These roads may well have had all wood cars that at a glance "kinda sorta" look like Seleys (by definition, a Seley hopper has to have steel channel outside bracing).

Hope this helps,

Ray Breyer
Elgin, IL

(as a personal preference, I'd be happy with styrene models of the modified D&H Seleys and with the N&W's HG or HH class cars. Those two have the best chance of selling to the Great Unwashed, and cover the largest groups of cars)



Re: Most needed car? (Seley hoopers)

Ray Breyer
 

The problem we face with such a prototype is that Seley hoppers were a
style of construction rather a single design like say USRA cars were. No two
designs were sufficiently alike for me to see much commonality in tooling
between the various roads that had them.
Aidrian

Hi guys,


I've been interested in Seley hoppers for a while, since like 36' double sheathed boxcars and all-wood gons, they're something that the average pre-Depression era modeler needs a few of. Aidrian's right though: in general, there were several different varieties of these hoppers running around, which makes marketing a model of them difficult.

But there weren't ALL that many types. I need to do an in-depth examination of the car type, but just by looking at the data that I could find last night, they can be broken down into four general "types": D&H, N&W, Southern and SAL, The D&H and SAL cars seem to be unique to those roads, but in general, the N&W and Southern cars were copied by everyone else. Details and dimensions changed, but the overall "look" of the vast bulk of these cars mostly fall under those types.

As a topic-stretcher, here's what I was able to come up with as a quick & dirty Seley hopper roster last night:

AB&A - 250 (to ACL)
B&O - 3000
B&M - 100
Berwind-White Coal Mining Co. - (unknown)
C&O - (unknown)
Coal & Coke Co. - 275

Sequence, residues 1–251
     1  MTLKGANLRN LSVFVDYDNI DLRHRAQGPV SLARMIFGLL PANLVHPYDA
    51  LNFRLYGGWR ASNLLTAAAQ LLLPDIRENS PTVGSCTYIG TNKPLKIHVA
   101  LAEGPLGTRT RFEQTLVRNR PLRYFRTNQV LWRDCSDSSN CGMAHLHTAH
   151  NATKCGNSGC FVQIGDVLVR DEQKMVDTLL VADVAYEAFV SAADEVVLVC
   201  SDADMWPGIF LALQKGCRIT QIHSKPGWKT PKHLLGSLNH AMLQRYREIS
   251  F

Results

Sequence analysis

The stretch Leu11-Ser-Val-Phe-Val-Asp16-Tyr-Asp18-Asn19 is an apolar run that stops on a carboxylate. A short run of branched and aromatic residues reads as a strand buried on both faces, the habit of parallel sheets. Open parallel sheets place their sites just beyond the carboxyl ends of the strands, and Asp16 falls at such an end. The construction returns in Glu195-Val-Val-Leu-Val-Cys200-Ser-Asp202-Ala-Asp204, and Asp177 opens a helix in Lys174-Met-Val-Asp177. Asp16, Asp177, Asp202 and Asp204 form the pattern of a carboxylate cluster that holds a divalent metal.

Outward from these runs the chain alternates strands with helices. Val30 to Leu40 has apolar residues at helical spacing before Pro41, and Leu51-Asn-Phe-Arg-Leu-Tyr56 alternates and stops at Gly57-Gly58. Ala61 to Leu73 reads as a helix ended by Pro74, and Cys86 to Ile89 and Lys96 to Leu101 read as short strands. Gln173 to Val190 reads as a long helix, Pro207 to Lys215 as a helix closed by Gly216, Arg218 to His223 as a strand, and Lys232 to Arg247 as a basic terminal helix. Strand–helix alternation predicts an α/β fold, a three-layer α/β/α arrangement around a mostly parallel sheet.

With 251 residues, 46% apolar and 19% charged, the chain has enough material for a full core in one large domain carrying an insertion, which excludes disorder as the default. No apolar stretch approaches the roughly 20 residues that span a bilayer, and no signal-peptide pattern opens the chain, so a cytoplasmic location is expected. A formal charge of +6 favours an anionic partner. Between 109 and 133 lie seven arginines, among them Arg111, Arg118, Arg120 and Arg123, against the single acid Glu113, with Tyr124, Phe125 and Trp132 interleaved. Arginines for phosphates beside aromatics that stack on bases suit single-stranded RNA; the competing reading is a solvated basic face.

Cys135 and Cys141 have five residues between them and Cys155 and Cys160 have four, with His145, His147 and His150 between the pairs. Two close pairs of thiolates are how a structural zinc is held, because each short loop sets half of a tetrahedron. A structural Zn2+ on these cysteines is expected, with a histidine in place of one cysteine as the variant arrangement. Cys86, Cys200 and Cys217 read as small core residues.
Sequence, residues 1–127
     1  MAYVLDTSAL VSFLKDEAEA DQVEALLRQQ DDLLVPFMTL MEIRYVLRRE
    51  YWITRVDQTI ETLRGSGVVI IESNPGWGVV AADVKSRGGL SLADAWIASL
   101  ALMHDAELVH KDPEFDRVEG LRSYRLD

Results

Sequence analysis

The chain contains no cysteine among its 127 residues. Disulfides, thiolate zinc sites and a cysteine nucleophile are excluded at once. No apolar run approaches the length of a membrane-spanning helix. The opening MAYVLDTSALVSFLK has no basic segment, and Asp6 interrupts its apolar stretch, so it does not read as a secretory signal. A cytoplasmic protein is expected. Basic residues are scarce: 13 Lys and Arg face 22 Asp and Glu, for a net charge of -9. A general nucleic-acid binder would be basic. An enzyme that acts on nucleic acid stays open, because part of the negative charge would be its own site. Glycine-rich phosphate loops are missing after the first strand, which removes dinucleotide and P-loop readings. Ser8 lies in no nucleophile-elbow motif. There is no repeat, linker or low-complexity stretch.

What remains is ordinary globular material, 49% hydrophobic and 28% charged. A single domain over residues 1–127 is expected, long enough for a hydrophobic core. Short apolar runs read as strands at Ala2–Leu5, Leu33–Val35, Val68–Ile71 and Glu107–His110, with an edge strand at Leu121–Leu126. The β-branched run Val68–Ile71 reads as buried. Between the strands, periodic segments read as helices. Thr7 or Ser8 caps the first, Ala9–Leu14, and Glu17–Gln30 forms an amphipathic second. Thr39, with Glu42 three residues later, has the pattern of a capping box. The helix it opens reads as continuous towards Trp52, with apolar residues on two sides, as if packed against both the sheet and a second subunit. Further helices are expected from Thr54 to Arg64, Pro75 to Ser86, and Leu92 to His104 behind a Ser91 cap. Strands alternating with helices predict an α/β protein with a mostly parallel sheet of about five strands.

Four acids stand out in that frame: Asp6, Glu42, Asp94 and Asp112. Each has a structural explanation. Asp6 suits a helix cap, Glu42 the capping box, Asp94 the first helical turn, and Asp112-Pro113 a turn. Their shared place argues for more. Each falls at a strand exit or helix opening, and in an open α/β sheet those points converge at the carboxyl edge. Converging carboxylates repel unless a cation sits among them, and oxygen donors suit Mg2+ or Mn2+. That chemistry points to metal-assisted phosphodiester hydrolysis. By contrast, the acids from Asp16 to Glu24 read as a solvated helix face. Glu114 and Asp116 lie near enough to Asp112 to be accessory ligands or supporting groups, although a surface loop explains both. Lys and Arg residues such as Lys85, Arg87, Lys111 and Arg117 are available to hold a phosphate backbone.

Cumberland & Pennsylvania - 1500
Deepwater - 500 (to Virginian)
D&H - (unknown; thousands)
Fairmont Coal Co - 1700 (to B&O)
GB&W - 25 (from Virginian)
Island Creek Coal Co. - 200
L&HR - 500
L&N - 250
M&O - (unknown; to GM&O)
NC&StL - (unknown)
Norfolk Southern - 50
NYO&W - 1350
N&W - (unknown; thousands)
RI - 250
Sandy Creek Coal Co. - 300
SLSF - 500
SAL - 300
Southern - 4,600 (also AGS and CNO&TP)
TStL&W - 45 (to NKP)

And here's a few railroads thay MAY have had Seley-type hoppers, but which will require a bit more digging:
Buffalo & Susquehanna
C of Ga
C&O
GN
These roads may well have had all wood cars that at a glance "kinda sorta" look like Seleys (by definition, a Seley hopper has to have steel channel outside bracing).

Hope this helps,

Ray Breyer
Elgin, IL

(as a personal preference, I'd be happy with styrene models of the modified D&H Seleys and with the N&W's HG or HH class cars. Those two have the best chance of selling to the Great Unwashed, and cover the largest groups of cars)


Re: Athearn Blue Box boxcar -- prototype?

Tim O'Connor
 

Alex, one other thing -- Detail Associates made replacement 5/5 ends
specifically for this model, and they are beautiful when applied. You
can apply them two ways, either use or don't use the supplied rivet
seam. That's as far as I go -- I hate trying to scrape cast on ladders
from the end of a car.

Tim O'Connor